Crossbows - Everything about Building, Modding, and Using your Crossbow Gear

Latest topics

» Fast loading crossbow
by septua Mon Apr 23, 2018 9:22 am

» lashing a glass prod in raw hide?
by kenh Sun Apr 22, 2018 7:00 am

» Balestra Veloce / Leonardo DaVinci
by msalazar2310 Fri Apr 20, 2018 10:37 am

» Goats Foot Lever
by Geezer Wed Apr 18, 2018 12:42 pm

» Hickory and Ipe 180lb flatbow
by actionbow Mon Apr 16, 2018 1:56 pm

» goat foot questions.
by Geezer Sat Apr 14, 2018 10:26 am

» My latest crossbow
by actionbow Wed Apr 11, 2018 11:10 am

» Prod questions....
by Geezer Mon Apr 09, 2018 10:58 pm

» convert compound cross bow to ball shooter
by kenh Sun Apr 08, 2018 7:34 am

» Skane Lockbow replica (and making of)
by actionbow Wed Apr 04, 2018 11:10 am

» horn inlay and veneer
by Geezer Wed Apr 04, 2018 7:21 am

» String traps bolt to tiller when loosed
by Geezer Tue Mar 27, 2018 9:36 am

» How close to original would you go
by jamesjohnson Thu Mar 22, 2018 4:36 am

» Crossbow bullet bolt's
by Geezer Sun Mar 18, 2018 5:27 pm

» Moving the nut lugs forward.
by Dark Factor Mon Mar 12, 2018 12:33 pm

» Bridle length and waxing?
by Geezer Sun Mar 11, 2018 9:08 pm

» Draw length VS. prod length on wood prods
by Dark Factor Tue Feb 27, 2018 10:32 am

» Typical dimensions of late Gothic composite bows
by Dark Factor Sun Feb 25, 2018 4:10 am

» Medieval stirrup crossbow
by Dark Factor Fri Feb 23, 2018 10:55 am

» Reciprocating Saw?
by stuckinthemud1 Sun Feb 18, 2018 8:59 am

» Help Needed with Bullet Crossbow Prod
by Crossbowmen Sat Feb 17, 2018 2:43 pm

» Leaving the prod strung?
by JacobL Sat Feb 17, 2018 2:37 pm

» Crossbow for a 8 year old kid
by Daniel Levesque Fri Feb 16, 2018 2:11 pm

» Chinese carpenter make bed crossbow, earlest repeating crossbow and chu-ko-nu
by c sitas Thu Feb 15, 2018 8:49 pm

» Linen or Hemp String
by kenh Thu Feb 15, 2018 10:47 am


    First submission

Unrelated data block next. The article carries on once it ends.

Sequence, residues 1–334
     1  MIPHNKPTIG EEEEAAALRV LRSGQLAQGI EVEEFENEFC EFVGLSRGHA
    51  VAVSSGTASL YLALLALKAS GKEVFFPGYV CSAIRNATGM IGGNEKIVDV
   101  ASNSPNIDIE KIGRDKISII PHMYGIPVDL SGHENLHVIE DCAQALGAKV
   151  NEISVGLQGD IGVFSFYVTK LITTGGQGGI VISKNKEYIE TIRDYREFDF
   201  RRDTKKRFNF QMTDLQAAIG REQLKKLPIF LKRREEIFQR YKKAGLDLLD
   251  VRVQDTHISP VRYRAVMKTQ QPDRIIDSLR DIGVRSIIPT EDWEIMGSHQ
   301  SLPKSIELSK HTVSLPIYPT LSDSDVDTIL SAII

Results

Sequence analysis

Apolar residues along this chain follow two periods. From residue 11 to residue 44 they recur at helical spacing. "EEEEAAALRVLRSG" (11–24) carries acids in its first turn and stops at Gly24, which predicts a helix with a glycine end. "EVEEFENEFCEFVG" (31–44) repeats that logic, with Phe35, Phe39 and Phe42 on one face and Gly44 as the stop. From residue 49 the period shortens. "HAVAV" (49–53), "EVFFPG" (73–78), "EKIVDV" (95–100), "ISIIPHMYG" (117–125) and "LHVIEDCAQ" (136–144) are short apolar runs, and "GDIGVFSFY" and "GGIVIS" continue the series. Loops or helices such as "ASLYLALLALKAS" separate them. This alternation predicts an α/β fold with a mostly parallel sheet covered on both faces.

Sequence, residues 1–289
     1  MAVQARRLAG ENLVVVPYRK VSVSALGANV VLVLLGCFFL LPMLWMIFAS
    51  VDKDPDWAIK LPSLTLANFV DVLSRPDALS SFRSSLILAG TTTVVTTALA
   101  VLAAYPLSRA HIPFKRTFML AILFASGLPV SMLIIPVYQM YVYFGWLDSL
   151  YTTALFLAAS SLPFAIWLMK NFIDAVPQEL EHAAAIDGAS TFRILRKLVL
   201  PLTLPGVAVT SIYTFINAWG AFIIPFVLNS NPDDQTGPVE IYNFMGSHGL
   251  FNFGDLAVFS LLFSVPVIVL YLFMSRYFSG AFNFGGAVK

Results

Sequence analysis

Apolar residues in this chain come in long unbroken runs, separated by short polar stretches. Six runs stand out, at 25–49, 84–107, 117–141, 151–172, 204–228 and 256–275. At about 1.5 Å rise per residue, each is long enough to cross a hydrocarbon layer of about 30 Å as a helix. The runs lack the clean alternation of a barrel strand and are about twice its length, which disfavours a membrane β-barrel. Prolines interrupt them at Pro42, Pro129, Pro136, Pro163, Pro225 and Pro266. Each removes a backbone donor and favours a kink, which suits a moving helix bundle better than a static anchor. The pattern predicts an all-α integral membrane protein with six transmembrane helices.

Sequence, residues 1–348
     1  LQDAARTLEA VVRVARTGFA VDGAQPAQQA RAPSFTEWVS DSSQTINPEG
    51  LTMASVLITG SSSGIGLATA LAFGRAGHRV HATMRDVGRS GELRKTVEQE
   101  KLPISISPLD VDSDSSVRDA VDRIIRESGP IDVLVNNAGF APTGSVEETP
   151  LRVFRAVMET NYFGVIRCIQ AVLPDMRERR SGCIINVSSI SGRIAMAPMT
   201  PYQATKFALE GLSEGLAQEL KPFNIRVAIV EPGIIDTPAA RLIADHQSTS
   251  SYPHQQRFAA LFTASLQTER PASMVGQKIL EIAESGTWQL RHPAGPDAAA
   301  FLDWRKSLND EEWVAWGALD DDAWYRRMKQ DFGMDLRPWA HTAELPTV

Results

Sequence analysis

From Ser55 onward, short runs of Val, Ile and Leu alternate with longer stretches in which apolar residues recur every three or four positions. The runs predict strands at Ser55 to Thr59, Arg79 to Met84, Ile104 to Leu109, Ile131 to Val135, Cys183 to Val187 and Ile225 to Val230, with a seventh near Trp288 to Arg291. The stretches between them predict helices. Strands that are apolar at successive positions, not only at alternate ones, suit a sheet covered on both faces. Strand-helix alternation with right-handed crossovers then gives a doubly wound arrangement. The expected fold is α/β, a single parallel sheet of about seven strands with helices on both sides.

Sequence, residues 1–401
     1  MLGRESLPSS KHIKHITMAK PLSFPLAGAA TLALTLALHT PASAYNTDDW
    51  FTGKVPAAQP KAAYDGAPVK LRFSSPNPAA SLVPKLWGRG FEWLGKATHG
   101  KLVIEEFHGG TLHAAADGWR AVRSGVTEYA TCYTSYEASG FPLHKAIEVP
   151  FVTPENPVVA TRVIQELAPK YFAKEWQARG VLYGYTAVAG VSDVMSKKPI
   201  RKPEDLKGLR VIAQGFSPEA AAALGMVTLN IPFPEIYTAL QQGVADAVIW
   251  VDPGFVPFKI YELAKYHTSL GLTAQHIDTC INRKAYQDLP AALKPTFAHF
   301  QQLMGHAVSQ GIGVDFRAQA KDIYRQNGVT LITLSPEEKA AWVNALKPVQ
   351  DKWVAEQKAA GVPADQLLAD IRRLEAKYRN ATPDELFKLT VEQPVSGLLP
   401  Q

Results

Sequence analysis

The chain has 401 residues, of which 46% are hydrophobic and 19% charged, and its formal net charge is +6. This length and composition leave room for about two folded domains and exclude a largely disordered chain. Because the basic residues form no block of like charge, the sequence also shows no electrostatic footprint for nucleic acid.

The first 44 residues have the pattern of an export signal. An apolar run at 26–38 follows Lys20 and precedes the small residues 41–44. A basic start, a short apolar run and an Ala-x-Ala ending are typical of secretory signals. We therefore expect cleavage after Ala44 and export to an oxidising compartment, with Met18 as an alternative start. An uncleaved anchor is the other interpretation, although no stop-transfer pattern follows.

Share
    avatar
    War Song
    Fresh Blood

    Doesn't mean
    I'm new to crossbows


    Fresh Blood Doesn't meanI'm new to crossbows

    Posts : 29
    Join date : 2013-11-20

    First submission

    Post by War Song on Sun Mar 12, 2017 11:13 pm

    My third crossbow, but the first two had been junks I am too embarrassed to post here XD. Still not as pretty as the other submissions I seen here I'm afraid, but I hope it's passable.

    Delrin nut, stock made from oak and maple mill cuts from Home Depot, a polypropylene rope for a bow string, and a bunch of scrap parts and hardware I had laying around cobbled together into surprisingly comfortable shooter. Loose laminate prod from fence tension bars (thanks @kenh).

    The new prod (old one broke) is working like a charm. was able to check the draw today with a bathroom scale and it weighs in at 65 to 70 pounds at 13" powerstroke.

    Performance is currently a disappointment, clocked a 500 grain bolt at 102 fps, or 12 ft.lbs, on the chrony Neutral. I suspect my 1 inch brace was just a tad too low to be practical, so I shortened the string for a 2 inch brace. Sun went down before I can clock it again though. 



    Excuse the rubber band, it's acting as a temporary return spring for the trigger mech. Would replace later with a proper coil spring.




    Nut and side plate removed here. Just a simple sliding pin to lock and release the nut, actuated by a lever (which I bent into a sort of grease gun trigger to accommodate a pistol grip). 



    If you're wondering, the clip spring was bent from an aluminum gutter hanger. Have a lot of those laying around from my old job as a roofer.
    avatar
    kenh
    Crossbow Junkie

    I live here!


    Crossbow JunkieI live here!

    Posts : 763
    Join date : 2012-08-03
    Age : 69
    Location : Living Aboard a Sailboat in Fort Myers, FL

    Re: First submission

    Post by kenh on Mon Mar 13, 2017 5:42 am

    We all have to start somewhere!  That's an interesting build; at least this one shoots!

    A couple of comments not intended to be critical, but rather constructive:

    Polprop for a string is 'way, 'way too stretchy and probably a major contributor to the lack of performance.  You'd be better off with a string made from a strand or even two  #36 Mason's Line (has a breaking strength in excess of 700 lbs)  Mason's line stretches initially but then stops; polyprop just keeps on stretching.  
    My feeling is that you've got the loose laminates too tightly bound together -- they're supposed to slide on each other.  Original Chinese crossbows of this design used 4-12 bamboo slats, with draw weights in excess of 400#s, and held the slats together with a couple of wraps of crushed bamboo or rattan twine on each side.  All that mass of excess wrapping is stealing efficiency.

    I don't actually know the scientific effects of brace height on efficiency; but it can't be good.  Ten of thousands of years of practical archery experience by millions of people, does not have modern champion archers or crossbowmen using such a low brace height, probably for very good reasons.   "If it ain't broke, don't fix it."